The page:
Finally, it is disturbing is the massive attention, resources, and journalistic energy the West devoted immediately to frame the crimes as violence on an unprecedented scale and, in the view of the President of the United States, a genocide. This absurdity sits uncomfortably aside the blanket Western indifference to the systematic — not just spur of the moment — violence destroying and harming mostly ethnic Russian civilians committed by the neofascist-controlled Azov Battalion in Mariupol (and elsewhere) for weeks now. For those interested in the other side of the story — Ukraine’s war crimes and atrocities — approximately one hundred videos showing Ukrainian war crimes or eyewitness testimonies of Ukrainian war crimes can be found on my Facebook page. These cover only a three-week period of the war and do not amount to a definitive list. The videos testify to hundreds of mostly Donbass Russian-Ukrainians killed wantonly by Ukrainian forces. The mass violence first initiated in Ukraine on 20 February 2014 on the Maidan by the latter’s neofascist elements, killing approximately one hundred and wounding more, seems destined to metastasize further.
From 4 a.m. on 24 February 2022, when the Russian Federation’s armed attack against Ukraine started, to 24:00 midnight on 8 May 2022 (local time), the Office of the UN High Commissioner for Human Rights (OHCHR) recorded 7,061 civilian casualties in the country: 3,381 killed and 3,680 injured. This included:
-a total of 3,381 killed (1,227 men, 787 women, 75 girls, and 91 boys, as well as 69 children and 1,132 adults whose sex is yet unknown)
-a total of 3,680 injured (521 men, 396 women, 83 girls, and 93 boys, as well as 170 children and 2,417 adults whose sex is yet unknown)
In Donetsk and Luhansk regions: 3,694 casualties (1,810 killed and 1,884 injured)
On Government-controlled territory: 3,140 casualties (1,699 killed and 1,441 injured)
On territory controlled by Russian affiliated armed groups: 554 casualties (111 killed and 443 injured)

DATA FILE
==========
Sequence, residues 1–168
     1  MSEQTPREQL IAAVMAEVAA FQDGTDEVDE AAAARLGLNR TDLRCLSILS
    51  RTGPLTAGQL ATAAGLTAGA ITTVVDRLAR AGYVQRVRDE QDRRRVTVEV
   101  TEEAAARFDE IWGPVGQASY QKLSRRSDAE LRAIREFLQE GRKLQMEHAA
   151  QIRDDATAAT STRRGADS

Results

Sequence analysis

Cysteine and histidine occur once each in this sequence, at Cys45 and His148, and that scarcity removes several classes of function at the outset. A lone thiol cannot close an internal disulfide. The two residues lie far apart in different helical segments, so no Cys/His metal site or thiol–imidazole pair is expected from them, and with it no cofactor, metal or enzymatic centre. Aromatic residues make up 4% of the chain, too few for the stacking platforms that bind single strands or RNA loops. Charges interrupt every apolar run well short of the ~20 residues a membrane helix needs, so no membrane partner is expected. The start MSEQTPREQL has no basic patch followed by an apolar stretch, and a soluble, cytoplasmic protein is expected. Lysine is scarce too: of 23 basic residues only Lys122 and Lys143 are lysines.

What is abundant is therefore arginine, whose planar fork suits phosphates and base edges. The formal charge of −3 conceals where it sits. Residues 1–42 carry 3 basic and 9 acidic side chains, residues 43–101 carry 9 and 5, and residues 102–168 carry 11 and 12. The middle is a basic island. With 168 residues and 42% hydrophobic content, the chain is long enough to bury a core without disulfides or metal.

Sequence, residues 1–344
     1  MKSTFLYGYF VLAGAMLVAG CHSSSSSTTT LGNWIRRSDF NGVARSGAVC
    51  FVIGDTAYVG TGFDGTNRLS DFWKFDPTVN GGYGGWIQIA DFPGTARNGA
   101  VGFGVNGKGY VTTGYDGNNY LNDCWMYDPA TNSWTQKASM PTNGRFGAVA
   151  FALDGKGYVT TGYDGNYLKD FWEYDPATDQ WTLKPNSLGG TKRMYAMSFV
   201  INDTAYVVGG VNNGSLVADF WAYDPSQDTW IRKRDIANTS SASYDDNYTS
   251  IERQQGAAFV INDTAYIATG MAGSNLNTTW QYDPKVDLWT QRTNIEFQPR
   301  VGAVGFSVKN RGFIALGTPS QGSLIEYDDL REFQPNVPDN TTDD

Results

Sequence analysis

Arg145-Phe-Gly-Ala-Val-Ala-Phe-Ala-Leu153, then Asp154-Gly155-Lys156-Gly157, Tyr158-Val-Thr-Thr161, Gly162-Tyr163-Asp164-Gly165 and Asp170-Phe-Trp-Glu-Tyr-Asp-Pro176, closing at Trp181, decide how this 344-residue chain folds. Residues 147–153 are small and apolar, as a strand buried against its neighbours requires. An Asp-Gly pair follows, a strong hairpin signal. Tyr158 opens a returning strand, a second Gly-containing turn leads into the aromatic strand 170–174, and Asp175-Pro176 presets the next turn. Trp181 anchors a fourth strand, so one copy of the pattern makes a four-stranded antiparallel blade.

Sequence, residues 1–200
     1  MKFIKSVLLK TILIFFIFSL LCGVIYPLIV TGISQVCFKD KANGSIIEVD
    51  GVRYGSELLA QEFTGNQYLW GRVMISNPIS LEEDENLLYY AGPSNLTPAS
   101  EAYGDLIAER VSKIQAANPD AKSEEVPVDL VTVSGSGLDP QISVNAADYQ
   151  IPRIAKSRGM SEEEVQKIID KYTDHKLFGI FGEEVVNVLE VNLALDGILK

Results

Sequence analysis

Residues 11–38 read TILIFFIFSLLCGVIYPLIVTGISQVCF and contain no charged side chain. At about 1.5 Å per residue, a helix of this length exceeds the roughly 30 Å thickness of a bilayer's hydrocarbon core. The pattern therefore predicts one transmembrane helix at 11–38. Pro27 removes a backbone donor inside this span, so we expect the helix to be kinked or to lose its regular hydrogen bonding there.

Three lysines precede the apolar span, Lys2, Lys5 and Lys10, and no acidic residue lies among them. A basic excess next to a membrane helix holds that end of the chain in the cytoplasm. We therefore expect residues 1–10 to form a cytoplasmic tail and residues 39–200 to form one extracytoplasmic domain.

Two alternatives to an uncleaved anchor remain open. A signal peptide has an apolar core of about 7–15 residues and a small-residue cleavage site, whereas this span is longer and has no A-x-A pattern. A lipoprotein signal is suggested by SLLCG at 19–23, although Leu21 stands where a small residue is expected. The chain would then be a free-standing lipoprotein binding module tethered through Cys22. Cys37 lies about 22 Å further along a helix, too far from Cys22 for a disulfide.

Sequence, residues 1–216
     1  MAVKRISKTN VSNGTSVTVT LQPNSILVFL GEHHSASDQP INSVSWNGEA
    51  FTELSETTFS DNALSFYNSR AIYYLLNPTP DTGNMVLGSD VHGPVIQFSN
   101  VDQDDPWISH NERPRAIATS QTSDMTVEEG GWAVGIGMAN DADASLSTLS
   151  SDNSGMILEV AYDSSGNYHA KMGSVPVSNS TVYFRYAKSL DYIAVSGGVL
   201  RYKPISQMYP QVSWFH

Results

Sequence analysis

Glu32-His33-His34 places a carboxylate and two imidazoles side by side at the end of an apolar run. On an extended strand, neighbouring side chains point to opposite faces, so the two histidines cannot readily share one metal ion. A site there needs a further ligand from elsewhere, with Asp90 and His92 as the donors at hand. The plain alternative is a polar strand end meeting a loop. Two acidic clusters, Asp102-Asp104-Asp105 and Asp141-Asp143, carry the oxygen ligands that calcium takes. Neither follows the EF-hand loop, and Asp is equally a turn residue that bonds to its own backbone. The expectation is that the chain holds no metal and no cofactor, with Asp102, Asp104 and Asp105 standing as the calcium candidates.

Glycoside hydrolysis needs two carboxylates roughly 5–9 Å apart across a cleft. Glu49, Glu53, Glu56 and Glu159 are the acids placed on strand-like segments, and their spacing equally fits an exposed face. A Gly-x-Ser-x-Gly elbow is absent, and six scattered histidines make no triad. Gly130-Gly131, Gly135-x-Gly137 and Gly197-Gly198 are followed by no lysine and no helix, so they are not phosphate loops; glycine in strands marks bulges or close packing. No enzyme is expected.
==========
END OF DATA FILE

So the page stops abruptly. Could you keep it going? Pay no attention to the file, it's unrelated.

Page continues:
In other regions of Ukraine (the city of Kyiv, and Cherkasy, Chernihiv, Kharkiv, Kherson, Kyiv, Mykolaiv, Odesa, Sumy, Zaporizhzhia, Dnipropetrovsk, Poltava, Rivne, Vinnytsia and Zhytomyr regions), which were under Government control when casualties occurred: 3,367 casualties (1,571 killed and 1,796 injured)
Most of the civilian casualties recorded were caused by the use of explosive weapons with a wide impact area, including shelling from heavy artillery and multiple launch rocket systems, and missile and air strikes.
OHCHR believes that the actual figures are considerably higher, as the receipt of information from some locations where intense hostilities have been going on has been delayed and many reports are still pending corroboration. This concerns, for example, Mariupol (Donetsk region), Izium (Kharkiv region), and Popasna (Luhansk region), where there are allegations of numerous civilian casualties.
An increase in figures in this update compared with the previous update (as of 24:00 midnight on 5 May 2022 (local time) should not be attributed to civilian casualties that occurred from 6 to 8 May only, as during these days OHCHR also corroborated casualties that occurred on previous days. Similarly, not all civilian casualties that were reported from 6 to 8 May have been included into the above figures. Some of them are still pending corroboration and if confirmed, will be reported on in future updates.
The UN Human Rights Monitoring Mission in Ukraine